From NBC's John Bailey
With the price of Brent crude oil spiking -- up 22% since the first of the year, and up 17% since the unrest in the Middle East first began -- the conventional wisdom is that the violence in Libya has contributed to the rise in gas prices.
But Libya supplies less than 2% of the world’s oil. And even though the country's oil supply has seen disruptions, Bloomberg reports that Saudi oil officials have said, “Saudi Arabia and other OPEC nations ... are willing and able to replace any lost Libyan oil as soon as companies ask for it.” Some producers in the Persian Gulf have even said the market may be over supplied.
That has led some to believe that market speculation is to blame for the high gas prices. Back in 2006, a Senate Homeland Security report on the role of speculation in rising oil and gas prices reported that “there is substantial evidence supporting the conclusion that the large amount of speculation in the current market has significantly increased prices.” As to how much it affected oil prices then, the report said, “analysts have estimated that speculative purchases of oil futures have added as much as $20–$25 per barrel to the current price of crude oil.”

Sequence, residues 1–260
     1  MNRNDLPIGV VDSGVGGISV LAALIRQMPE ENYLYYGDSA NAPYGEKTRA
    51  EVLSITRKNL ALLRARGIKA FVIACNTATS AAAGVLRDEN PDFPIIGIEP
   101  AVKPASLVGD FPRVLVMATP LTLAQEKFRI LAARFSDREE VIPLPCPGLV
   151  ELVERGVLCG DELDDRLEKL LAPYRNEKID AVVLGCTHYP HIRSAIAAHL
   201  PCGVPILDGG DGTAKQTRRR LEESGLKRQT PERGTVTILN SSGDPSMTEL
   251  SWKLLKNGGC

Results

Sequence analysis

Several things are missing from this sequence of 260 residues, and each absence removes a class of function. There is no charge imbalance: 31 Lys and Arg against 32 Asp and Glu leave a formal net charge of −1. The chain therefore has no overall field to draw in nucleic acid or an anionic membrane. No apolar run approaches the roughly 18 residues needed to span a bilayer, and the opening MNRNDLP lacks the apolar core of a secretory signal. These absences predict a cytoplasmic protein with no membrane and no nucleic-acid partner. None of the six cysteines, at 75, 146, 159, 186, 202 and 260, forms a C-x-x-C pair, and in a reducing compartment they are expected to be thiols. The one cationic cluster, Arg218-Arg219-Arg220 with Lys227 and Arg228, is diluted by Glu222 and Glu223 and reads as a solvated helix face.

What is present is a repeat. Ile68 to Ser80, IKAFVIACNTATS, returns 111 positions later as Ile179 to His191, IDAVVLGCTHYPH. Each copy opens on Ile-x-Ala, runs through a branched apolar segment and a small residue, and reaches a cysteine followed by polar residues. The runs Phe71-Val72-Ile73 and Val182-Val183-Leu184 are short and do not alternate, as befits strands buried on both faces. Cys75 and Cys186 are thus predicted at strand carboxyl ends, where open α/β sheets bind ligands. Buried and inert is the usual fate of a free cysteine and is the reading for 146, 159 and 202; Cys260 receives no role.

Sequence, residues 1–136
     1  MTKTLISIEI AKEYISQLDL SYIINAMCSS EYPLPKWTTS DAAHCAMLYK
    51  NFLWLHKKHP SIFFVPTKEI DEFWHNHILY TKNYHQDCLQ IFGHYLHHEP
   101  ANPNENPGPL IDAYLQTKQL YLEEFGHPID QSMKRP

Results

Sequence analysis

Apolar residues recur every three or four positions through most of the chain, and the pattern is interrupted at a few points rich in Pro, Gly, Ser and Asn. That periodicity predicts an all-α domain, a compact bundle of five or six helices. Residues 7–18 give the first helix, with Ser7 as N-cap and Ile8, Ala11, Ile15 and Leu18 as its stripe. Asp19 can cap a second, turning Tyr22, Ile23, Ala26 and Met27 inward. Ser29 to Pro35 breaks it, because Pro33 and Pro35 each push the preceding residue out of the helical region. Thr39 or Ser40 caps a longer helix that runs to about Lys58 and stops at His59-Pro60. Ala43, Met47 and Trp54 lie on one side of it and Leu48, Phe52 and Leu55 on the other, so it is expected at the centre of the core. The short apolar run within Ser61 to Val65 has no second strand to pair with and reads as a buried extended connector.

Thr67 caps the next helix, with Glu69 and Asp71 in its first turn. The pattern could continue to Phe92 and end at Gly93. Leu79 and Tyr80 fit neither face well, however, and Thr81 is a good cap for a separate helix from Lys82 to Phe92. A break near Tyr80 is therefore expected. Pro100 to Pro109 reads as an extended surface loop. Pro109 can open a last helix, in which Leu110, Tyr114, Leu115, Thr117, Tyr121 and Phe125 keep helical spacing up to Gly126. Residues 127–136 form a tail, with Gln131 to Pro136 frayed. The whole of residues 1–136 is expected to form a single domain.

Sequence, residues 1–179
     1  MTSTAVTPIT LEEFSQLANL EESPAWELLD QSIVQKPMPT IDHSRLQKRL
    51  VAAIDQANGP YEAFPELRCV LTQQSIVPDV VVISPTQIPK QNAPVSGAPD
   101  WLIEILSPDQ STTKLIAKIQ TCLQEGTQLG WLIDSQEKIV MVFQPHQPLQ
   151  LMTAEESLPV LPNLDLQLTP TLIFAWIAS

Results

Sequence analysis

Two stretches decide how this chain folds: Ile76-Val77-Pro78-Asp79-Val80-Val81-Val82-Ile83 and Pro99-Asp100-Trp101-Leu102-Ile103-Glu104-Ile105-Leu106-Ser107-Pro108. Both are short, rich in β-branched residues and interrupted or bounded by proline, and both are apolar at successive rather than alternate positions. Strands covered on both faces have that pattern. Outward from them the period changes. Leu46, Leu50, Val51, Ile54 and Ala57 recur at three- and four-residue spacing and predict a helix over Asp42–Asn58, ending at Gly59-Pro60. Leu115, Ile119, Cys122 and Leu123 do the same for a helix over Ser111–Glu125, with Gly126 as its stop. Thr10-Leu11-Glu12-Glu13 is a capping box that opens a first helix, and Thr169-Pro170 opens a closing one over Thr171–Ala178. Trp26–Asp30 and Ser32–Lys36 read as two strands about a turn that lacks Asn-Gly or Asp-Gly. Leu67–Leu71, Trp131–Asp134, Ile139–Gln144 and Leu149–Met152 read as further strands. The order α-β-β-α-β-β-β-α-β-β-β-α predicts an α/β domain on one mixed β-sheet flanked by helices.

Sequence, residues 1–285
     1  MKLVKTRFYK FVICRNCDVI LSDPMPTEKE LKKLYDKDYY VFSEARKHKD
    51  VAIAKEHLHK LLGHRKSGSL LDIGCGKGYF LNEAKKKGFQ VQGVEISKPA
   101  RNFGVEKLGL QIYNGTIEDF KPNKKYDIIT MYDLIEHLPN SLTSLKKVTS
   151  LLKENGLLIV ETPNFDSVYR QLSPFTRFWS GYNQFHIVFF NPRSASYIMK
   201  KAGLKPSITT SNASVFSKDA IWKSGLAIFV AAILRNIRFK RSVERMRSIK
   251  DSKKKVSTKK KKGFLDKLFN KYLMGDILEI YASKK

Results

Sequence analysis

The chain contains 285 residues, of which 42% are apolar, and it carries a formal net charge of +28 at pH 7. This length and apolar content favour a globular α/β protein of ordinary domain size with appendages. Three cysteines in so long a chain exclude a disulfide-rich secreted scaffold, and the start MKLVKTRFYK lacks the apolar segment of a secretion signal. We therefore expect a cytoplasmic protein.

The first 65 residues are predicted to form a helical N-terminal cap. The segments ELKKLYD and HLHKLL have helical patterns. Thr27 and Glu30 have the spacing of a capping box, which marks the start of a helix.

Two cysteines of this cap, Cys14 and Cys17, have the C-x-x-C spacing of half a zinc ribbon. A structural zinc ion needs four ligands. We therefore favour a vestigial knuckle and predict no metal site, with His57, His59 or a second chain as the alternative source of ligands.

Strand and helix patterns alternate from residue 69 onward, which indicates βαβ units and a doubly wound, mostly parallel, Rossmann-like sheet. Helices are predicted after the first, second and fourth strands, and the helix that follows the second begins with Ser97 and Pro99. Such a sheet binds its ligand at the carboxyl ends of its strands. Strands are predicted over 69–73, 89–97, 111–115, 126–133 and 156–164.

Yet get this: The House spending bill -- which cuts $61 billion in federal spending and which failed to clear the Senate on Wednesday -- reduces the federal government's ability to regulate oil commodities.
The Dodd-Frank Wall Street Reform and Consumer Protection Act included a provision for rules regulating these types of trades via the Commodities Futures Trading Commission (CFTC), the federal regulator of the commodities futures markets. These rules would attempt to decrease volatility and prevent unhealthy amounts of leverage.
But last week, CFTC Chairman Gary Gensler told the Senate Agriculture Committee that “the CFTC's current funding is far less than what is required to properly fulfill our significantly expanded mission.” However, per CNN Money: “The most recent comprehensive spending bill produced by House Republicans would chop the CFTC's funding by $56.8 million -- almost a third of the agency's entire budget -- over the next seven months.”